Santa Clara County staff proposed a $4.6 billion county budget for fiscal year 2014 last week that will rely on outside funding sources, new voter-approved revenues and public union concessions in order to close a $67 million shortfall, County staff said.
The Board of Supervisors will conduct a series of public workshops over the next few weeks to fine-tune the details of the budget, which was proposed by County Executive Jeffrey Smith, before the budget adoption deadline of June 30, according to a press release from County staff.
The $67 million funding gap to continue the current level of County services is “a short respite” from a decade of annual shortfalls closer to the $200 million range, Smith said. Still, the shortfall for 2014 comes on top of significant service cuts already made in recent years.
“The brief respite from a budget deficit that we experienced last year will be short-lived as we face unprecedented levels of uncertainty from every direction – state, federal and legal,” Smith said. “We still do not know the full impacts of pending state budget decisions, federal sequestration and voter-approved Measure A, which would generate desperately needed revenue from the one-eight-cent sales tax (and) is being challenged in court.”
The proposed 2014 budget includes a $2.4 billion general fund proposal, which covers all discretionary and some mandatory services for the fiscal year which begins July 1, 2013.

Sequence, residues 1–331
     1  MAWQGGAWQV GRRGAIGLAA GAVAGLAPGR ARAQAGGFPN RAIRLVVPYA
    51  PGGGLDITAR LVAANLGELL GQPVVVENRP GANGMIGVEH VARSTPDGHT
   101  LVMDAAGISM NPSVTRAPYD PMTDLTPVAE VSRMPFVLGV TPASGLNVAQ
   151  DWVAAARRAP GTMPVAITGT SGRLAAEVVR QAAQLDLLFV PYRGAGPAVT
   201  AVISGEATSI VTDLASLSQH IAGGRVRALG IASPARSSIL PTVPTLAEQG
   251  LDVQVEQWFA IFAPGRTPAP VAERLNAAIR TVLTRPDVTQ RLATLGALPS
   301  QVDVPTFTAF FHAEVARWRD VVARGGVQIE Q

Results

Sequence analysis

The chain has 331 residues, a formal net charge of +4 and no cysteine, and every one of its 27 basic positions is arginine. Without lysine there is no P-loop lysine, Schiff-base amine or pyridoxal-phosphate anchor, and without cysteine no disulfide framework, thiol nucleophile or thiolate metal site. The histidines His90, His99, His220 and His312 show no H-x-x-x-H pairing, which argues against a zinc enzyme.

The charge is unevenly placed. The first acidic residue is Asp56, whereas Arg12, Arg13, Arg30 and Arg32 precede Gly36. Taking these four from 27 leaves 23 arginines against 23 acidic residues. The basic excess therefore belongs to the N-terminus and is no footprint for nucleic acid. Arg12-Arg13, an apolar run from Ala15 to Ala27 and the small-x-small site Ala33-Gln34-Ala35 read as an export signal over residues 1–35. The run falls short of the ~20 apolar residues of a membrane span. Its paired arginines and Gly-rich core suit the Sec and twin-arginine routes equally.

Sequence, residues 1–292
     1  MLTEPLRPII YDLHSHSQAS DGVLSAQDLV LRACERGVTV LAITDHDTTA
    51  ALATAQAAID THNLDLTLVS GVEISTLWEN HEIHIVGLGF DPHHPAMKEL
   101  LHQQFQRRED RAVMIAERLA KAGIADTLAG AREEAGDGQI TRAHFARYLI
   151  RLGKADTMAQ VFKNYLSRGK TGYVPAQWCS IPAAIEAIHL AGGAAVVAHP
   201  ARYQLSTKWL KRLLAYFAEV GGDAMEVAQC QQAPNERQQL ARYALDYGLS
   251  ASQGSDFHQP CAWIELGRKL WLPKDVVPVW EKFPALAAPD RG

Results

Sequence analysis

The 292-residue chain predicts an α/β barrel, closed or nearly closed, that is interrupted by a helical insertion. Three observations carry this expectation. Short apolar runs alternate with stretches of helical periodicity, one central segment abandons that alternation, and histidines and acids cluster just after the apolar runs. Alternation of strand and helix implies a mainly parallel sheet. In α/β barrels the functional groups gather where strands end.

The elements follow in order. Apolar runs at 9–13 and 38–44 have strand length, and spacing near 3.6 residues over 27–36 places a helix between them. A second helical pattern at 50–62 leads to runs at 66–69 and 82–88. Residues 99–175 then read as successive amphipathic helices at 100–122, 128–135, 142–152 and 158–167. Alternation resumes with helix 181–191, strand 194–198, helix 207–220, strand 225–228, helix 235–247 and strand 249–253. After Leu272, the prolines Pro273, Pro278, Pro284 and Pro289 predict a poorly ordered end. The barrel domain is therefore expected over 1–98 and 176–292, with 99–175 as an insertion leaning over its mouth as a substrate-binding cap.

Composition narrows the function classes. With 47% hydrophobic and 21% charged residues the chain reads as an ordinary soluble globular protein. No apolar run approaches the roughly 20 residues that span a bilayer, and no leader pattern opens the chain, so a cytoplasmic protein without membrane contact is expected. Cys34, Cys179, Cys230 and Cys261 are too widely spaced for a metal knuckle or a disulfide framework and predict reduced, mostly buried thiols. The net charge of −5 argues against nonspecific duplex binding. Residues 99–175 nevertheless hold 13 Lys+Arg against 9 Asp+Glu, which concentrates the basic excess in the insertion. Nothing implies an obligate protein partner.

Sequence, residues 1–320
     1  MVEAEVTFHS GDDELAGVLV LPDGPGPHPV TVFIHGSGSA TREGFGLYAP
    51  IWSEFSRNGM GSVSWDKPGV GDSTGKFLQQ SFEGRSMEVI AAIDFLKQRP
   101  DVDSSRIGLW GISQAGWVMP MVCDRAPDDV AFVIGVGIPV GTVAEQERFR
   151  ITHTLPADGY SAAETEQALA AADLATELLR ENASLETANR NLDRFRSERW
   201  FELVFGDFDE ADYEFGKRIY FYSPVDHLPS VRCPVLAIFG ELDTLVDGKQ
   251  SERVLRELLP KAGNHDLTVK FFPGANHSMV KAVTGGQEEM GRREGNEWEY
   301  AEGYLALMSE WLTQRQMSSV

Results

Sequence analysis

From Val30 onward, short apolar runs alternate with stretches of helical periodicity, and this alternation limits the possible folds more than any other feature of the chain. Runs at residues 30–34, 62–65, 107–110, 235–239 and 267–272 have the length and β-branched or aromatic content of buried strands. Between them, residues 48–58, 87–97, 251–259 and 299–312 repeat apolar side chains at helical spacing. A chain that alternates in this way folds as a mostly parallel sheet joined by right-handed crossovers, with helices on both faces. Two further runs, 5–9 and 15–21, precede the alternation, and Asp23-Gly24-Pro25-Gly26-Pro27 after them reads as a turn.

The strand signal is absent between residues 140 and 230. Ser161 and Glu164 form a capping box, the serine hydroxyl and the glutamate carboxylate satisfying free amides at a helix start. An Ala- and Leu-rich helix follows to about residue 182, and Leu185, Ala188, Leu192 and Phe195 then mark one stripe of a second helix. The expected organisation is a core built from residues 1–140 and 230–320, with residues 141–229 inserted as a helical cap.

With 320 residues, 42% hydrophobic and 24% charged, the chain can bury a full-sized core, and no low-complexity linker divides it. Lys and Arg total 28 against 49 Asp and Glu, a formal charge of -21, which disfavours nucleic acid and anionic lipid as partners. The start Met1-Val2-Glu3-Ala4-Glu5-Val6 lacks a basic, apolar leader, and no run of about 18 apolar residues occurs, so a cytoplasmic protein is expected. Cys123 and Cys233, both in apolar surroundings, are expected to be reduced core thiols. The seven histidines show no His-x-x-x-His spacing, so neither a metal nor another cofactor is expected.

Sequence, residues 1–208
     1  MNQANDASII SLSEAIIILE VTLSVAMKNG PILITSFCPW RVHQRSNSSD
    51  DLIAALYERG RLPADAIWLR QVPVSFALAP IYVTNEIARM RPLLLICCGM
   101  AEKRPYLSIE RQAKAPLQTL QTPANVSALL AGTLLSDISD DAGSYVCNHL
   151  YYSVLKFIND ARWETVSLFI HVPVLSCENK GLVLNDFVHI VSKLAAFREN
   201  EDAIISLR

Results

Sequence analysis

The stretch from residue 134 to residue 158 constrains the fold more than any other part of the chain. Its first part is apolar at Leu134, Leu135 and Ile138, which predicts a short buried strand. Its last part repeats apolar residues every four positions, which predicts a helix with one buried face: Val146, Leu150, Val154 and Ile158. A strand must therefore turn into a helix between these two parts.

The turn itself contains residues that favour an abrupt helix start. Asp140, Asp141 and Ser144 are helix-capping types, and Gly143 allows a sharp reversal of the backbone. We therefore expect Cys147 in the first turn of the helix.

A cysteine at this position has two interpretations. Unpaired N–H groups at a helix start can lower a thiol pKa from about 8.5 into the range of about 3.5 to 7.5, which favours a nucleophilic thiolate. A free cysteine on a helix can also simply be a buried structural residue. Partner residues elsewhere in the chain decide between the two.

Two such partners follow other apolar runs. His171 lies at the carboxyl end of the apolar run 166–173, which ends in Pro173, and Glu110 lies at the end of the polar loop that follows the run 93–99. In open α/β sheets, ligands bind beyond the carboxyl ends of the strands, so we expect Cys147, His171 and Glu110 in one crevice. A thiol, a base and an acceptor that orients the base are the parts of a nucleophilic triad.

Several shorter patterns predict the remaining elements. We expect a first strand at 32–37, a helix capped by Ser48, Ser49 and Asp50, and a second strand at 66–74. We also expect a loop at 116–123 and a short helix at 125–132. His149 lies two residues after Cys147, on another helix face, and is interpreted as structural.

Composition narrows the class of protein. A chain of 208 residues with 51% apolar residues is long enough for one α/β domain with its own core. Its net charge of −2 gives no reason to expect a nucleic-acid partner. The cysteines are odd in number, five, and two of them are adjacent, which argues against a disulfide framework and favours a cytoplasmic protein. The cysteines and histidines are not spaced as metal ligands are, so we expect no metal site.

Part of Smith’s proposed strategy to close the 2014 funding gap is $28.7 million in “departmental solutions” that will not result in layoffs or service cuts, County staff said. In fact, the budget proposal adds 59 jobs to the payroll.
These solutions include about $5.1 million in available state funds to support criminal justice services, and the reimbursement of mental health services costs from the state.
Another $45 million from the voter-approved Measure A one-eighth-cent sales tax will also go a long way to close the coming year’s funding gap, even though a pending lawsuit casts a haze of uncertainty on the viability of that revenue stream, County staff said. The tax would raise $20 million for the general fund, $15 million for a reserve fund to support new programs and a $10 million reserve to address the pending outcomes of healthcare reform, Medi-Cal expansion and federal sequestration.
Voters approved the Measure A tax in the November 2012 election, and County staff expect the court will uphold the measure. If it doesn’t, the County will have to find some other way to fund about $20 million worth of general fund expenses, County staff said.
Finally, the County will save about $21.7 million in proposed labor concessions that would increase employee contributions in order to offset the growing cost of benefit programs including retiree health, pension and health insurance programs, County staff said.
Budget workshops coming up later this month and continuing in June are scheduled at Board of Supervisors chambers at 70 W. Hedding Street in San Jose as follows:
-May 7, 1:30 p.m.
-May 7, 6:30 p.m.
-May 8, 1:30 p.m.
-May 8, 6:30 p.m.
-May 9, 1:30 p.m.
To see the proposed County budget for 2014, visit the County’s website at www.sccgov.org.